mr. mittens (akmed) wrote,
mr. mittens

repeal the individual mandate in romenycare in massachusetts

"An Initiative Petition to Repeal the Individual Mandate in the Act Providing Access To Affordable, Quality Health Care

Pursuant to the provisions of Article forty-eight of the Amendments of the Constitution of the Commonwealth of Massachusetts, the undersigned qualified voters of the Commonwealth, being ten in number at least, petition for an initiative law to repeal the individual mandate, which requires residents of Massachusetts to obtain health care coverage or be subjected to a penalty or sanction for failure to do so.

Section 1. Notwithstanding any provisions of any general or specific law to the contrary, M.G.L. 111M, “Individual Health Coverage,” will be stricken in its entirety, so that no individual shall be required to purchase health insurance or be subjected to any penalty or sanction for declining to do so.

Section 2. Notwithstanding any general or specific law to the contrary, Chapter 58, 830 CRM 111M.2.1 will be stricken in its entirety.

Section 3. The effective date of this act is January 1, 2013."

"Report: ‘Romneycare’ a jobs killer:Study finds Bay State lost thousands of jobs

The Beacon Hill Institute study found that, on average, Romneycare:

•    cost the Bay State 18,313 jobs;

•    drove up total health insurance costs in Massachusetts by $4.311 billion;

•    slowed the growth of disposable income per person by $376; and

•    reduced investment in Massachusetts by $25.06 million."

"Perhaps the most publicized aspect of the Massachusetts reform is its mandate that every resident have health insurance, whether provided by an employer or the government or purchased individually. 'I like mandates,' Romney said during a debate in New Hampshire. 'The mandate works.' But did it?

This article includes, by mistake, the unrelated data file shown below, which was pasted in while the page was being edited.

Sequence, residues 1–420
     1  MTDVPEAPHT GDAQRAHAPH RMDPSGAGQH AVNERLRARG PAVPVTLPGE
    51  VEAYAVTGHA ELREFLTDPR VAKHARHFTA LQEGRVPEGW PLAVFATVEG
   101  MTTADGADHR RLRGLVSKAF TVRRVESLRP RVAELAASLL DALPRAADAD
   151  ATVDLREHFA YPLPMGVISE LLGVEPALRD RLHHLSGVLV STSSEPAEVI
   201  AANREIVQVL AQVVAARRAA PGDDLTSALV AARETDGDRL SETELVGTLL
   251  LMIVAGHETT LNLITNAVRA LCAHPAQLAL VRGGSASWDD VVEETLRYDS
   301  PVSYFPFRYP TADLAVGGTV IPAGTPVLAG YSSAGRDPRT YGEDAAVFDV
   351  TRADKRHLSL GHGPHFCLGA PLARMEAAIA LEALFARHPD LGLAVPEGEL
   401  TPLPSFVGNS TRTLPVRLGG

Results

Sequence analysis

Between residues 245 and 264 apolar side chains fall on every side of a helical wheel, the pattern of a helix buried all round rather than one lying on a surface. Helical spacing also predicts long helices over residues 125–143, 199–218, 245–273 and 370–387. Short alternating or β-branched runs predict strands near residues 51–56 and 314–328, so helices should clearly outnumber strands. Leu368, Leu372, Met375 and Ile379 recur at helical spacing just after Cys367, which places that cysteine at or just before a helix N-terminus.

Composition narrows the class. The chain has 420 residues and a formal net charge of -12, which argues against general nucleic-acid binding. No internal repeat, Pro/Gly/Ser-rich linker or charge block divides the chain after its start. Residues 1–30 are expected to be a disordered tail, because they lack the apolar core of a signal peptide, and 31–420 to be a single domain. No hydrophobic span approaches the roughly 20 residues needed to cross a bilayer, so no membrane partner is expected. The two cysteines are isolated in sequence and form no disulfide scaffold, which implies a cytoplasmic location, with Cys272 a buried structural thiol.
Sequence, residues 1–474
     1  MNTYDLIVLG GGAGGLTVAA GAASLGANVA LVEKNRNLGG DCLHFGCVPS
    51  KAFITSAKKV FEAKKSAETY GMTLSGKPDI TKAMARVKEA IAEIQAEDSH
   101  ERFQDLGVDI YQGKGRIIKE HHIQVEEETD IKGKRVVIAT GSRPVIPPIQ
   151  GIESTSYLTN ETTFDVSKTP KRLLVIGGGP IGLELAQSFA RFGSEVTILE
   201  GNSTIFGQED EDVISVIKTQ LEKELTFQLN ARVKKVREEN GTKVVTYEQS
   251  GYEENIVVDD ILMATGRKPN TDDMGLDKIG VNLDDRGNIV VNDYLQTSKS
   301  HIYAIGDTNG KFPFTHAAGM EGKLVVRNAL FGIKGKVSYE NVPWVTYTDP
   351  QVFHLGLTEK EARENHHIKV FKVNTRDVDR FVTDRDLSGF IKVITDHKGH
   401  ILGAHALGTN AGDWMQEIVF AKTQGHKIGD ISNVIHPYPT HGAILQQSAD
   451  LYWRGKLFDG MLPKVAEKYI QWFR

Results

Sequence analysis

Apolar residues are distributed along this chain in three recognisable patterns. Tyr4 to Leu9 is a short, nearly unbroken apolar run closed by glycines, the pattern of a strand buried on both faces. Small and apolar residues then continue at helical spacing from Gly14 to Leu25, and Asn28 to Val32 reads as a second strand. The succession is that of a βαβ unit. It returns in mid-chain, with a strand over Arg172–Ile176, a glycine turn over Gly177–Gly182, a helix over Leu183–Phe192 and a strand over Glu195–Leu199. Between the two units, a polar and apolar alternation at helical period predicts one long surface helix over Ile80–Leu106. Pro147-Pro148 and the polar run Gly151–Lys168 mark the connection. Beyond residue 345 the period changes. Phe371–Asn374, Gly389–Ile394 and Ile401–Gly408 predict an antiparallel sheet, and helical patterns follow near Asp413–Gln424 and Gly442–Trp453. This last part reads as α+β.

Such a mandate was, of course, a significant infringement on individual choice and liberty...It was also a failure.

The subsidies may have increased the number of Massachusetts citizens with insurance, but as many as 400,000 Massachusetts residents by some estimates have failed to buy the required insurance. That includes the overwhelming majority of those with incomes too high to qualify for state subsidies. Fewer than 30,000 unsubsidized residents have signed up as a result of the mandate. And that is on top of the 60,000 of the state’s uninsured who were exempted from the mandate because buying insurance would be too much of a financial burden.

The Massachusetts plan might not have achieved universal coverage, but it has cost taxpayers a great deal of money. Originally, the plan was projected to cost $1.8 billion this year. Now it is expected to exceed those estimates by $150 million. Over the next 10 years, projections suggest that Romney- Care will cost about $2 billion more than was budgeted. And the cost to Massachusetts taxpayers could be even higher because new federal rules could deprive the state of $100 million per year in Medicaid money that the state planned to use to help finance the program.

Moreover, the cost of the plan is also likely to continue rising, because the Massachusetts reform has failed to hold down the cost of health care. When Romney signed his plan he claimed 'a key objective is to lower the cost of health insurance for all our citizens and allow our citizens to buy the insurance plan that fits their needs.' In actuality, insurance premiums in the state are expected to rise 10–12 percent next year, double the national average.

Although there are undoubtedly many factors behind the cost increase, one reason is that the new bureaucracy that the legislation created-the 'Connector'-has not been allowing Massachusetts citizens to buy insurance that 'fits their needs.'

Thus, it appears that the Connector offers quite a bit of pain for relatively little gain. Although the ability to use pretax dollars to purchase personal and portable insurance should be appealing in theory, only about 7,500 nonsubsidized workers have purchased insurance through the Connector so far. On the other hand, rather than insurance that 'fits their needs,' Massachusetts residents find themselves forced to buy expensive 'Cadillac' policies that offer many benefits that they may not want.'

Lessons from the Fall of RomneyCare By Michael Tanner

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